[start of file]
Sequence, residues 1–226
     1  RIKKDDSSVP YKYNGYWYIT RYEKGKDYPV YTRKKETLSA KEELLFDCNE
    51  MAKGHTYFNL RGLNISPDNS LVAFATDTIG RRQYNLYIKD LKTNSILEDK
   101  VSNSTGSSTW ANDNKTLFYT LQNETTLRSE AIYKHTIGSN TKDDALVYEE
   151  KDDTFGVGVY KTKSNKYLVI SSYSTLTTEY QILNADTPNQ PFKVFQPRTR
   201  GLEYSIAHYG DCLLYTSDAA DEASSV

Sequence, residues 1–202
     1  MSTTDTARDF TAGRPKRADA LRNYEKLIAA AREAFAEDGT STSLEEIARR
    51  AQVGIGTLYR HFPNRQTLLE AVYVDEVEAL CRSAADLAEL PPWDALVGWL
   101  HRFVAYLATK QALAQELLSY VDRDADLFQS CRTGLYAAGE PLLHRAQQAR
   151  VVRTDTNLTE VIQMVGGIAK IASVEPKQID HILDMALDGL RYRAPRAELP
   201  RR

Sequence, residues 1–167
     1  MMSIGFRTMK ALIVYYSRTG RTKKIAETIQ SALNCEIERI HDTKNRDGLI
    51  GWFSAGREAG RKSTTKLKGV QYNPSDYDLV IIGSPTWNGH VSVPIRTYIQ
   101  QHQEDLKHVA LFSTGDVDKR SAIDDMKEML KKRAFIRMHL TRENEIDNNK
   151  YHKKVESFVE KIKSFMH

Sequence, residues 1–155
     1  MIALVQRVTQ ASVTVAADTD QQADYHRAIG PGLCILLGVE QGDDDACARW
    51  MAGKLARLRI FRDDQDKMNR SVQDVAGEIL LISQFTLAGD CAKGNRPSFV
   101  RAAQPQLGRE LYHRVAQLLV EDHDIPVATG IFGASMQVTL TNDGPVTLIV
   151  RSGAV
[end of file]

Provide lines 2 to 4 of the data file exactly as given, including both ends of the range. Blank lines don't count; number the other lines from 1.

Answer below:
     1  RIKKDDSSVP YKYNGYWYIT RYEKGKDYPV YTRKKETLSA KEELLFDCNE
    51  MAKGHTYFNL RGLNISPDNS LVAFATDTIG RRQYNLYIKD LKTNSILEDK
   101  VSNSTGSSTW ANDNKTLFYT LQNETTLRSE AIYKHTIGSN TKDDALVYEE